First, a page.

Document Records - Vintage Blues and Jazz

Document Records
Lil Son Jackson Volume 1

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Lil Son Jackson
01 - Roberta Blues Listen
02 - Freedom Train Blues Listen
03 - Ground Hog Blues Listen
04 - Bad Whiskey Bad Women Listen
05 - Gone With The Wind (She's Gone) Listen
06 - No Money, No Love Listen
07 - Talkin' Boogie Listen
08 - Milford Blues Listen
09 - Cairo Blues Listen
10 - Evil Blues Listen
11 - Gambling Blues Listen
12 - Homeless Blues Listen
13 - Ticket Agent Blues Listen
14 - True Love Blues Listen
15 - Evening Blues Listen
16 - Spending Money Blues Listen
17 - Tough Luck Blues Listen
18 - Peace Breaking People Listen
19 - Rockin' And Rollin' Listen
20 - Two Timin' Woman Listen
21 - Rocky Road Listen
22 - Disgusted Listen
23 - Travelin' Alone Listen

Lil Son Jackson – Volume 1 'Rockin' and Rollin' - (1948 - 1950)

Lil Son Jackson, vocal, guitar.
Genres: Blues, Country Blues, Country Blues Guitar, Texas Country Blues.

Informative booklet notes by Gary Atkinson.
Detailed discography.

In 1948 Lil’ Son Jackson took the 250-mile trip south to Houston where he was persuaded to cut an acetate demo for the Gold Star record company. In the final two years of the decade new releases by solo bluesman was already becoming a minority. There were still some strong “country blues” artists, including another Texas bluesman, Lightin’ Hopkins, who were having significant hits on labels such as Regal based in New Jersey and Gotham which were still putting out records in the “rural blues genre”.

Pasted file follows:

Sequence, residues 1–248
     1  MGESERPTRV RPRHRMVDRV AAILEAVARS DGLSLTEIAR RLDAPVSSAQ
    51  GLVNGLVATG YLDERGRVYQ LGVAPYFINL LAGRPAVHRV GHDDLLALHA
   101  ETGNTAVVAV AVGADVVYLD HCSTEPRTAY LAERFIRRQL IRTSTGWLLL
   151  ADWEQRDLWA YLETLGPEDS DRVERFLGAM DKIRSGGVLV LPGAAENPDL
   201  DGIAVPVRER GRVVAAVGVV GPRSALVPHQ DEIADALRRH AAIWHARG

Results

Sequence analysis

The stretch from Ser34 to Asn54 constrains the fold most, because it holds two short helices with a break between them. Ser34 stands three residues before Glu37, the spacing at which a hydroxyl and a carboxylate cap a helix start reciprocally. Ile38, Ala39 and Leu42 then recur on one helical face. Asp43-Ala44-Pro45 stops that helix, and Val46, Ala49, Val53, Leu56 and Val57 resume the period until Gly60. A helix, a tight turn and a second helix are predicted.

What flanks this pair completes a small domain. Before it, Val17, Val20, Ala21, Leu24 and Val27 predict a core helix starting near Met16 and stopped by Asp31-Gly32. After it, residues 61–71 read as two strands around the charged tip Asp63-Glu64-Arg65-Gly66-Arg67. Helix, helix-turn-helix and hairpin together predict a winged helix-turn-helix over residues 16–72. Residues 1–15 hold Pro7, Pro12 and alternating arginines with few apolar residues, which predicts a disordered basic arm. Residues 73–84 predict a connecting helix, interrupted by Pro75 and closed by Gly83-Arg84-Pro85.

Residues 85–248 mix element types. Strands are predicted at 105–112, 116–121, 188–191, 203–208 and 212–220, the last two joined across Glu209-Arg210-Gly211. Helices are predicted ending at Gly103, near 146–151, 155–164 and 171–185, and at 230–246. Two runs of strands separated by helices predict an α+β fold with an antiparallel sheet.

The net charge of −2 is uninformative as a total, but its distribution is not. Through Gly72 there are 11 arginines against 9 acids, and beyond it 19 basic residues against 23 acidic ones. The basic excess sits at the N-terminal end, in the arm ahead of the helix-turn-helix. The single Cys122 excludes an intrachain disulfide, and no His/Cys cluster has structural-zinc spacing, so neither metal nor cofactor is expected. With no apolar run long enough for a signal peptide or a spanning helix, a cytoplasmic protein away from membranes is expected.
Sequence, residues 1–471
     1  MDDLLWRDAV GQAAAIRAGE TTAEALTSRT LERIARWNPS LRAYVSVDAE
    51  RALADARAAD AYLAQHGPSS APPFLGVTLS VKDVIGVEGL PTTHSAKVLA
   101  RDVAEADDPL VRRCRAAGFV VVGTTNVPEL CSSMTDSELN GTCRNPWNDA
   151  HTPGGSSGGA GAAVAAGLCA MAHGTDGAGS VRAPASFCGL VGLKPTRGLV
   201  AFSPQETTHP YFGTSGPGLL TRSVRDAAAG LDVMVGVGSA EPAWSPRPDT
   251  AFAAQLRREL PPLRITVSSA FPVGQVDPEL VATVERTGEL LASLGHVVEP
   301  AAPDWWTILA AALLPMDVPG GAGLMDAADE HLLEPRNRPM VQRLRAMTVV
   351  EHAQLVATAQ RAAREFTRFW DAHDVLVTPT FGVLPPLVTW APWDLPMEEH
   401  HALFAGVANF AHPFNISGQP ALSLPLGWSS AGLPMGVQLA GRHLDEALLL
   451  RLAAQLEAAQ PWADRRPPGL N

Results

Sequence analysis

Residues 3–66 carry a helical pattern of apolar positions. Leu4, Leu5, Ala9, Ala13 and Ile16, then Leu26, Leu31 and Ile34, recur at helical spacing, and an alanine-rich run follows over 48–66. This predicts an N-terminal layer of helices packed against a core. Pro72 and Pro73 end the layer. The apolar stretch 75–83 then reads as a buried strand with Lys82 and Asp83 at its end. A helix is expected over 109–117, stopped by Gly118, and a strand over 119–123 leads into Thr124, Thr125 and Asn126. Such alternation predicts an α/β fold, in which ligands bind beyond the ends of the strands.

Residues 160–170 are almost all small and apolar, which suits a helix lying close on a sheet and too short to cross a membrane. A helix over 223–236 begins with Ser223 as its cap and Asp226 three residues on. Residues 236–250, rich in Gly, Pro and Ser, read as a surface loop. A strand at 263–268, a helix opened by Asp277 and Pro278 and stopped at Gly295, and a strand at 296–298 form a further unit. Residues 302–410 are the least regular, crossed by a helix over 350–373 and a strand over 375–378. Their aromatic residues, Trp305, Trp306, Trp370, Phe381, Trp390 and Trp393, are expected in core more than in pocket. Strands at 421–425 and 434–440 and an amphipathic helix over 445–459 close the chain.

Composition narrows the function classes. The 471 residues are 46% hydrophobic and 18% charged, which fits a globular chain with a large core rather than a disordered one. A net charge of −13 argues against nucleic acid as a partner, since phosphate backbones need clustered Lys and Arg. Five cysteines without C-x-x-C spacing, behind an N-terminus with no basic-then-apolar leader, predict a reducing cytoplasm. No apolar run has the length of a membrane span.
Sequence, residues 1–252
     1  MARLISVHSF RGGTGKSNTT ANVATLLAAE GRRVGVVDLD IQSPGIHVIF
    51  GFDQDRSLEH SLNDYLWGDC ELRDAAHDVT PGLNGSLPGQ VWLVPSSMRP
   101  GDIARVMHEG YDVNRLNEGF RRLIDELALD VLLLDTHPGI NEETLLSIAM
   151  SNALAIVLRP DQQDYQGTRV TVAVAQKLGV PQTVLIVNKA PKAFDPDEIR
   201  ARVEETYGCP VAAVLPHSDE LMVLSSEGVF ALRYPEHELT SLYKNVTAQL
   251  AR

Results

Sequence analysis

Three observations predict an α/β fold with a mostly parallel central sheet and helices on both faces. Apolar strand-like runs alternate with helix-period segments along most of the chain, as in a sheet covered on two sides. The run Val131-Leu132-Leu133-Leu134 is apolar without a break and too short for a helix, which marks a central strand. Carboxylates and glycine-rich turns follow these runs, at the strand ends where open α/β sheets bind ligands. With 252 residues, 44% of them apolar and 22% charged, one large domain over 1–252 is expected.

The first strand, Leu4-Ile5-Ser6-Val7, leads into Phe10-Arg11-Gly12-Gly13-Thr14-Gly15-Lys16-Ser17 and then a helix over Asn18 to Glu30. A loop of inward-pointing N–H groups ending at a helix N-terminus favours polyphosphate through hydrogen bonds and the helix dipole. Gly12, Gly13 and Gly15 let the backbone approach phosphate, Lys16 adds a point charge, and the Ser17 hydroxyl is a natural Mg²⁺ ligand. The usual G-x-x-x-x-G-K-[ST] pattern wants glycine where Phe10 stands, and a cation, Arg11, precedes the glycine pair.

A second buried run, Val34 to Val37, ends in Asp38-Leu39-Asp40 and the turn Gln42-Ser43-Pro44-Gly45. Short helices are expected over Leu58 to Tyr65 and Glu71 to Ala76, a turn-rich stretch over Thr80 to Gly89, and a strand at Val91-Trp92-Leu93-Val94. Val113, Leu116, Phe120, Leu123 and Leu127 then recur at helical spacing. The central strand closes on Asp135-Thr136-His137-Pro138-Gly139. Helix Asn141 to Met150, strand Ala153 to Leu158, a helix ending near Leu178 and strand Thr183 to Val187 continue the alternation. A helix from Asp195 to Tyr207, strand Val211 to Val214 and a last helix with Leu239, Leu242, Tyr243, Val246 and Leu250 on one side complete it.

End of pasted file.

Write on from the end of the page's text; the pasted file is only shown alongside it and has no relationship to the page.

Gold Star’s owner, Bill Quinn, liked what he heard on the demo and decided, perhaps with Hopkins success in mind, to record and release four titles by Jackson giving him the recording name of “Little Son” Jackson.  

His first four sides to be released; Roberta Blues / Freedom Blues and Ground Hog Blues / Bad Whiskey-Bad Women were good, honest Texas “Country” blues. “Roberta” and “Whiskey” featured driving single beat bass rhythms typical of other Texas guitarists such as Lead Belly and Mance Lipscomb. The rhythm coupled with single repeated notes highlighting Jackson’s cool, clear vocals all with some nice guitar licks added up to some fine performances.
If the rural blues were going to be recorded and released as a commercial propositions as 1950 approached then they would have to be good. These were excellent and proved to be instant hits.

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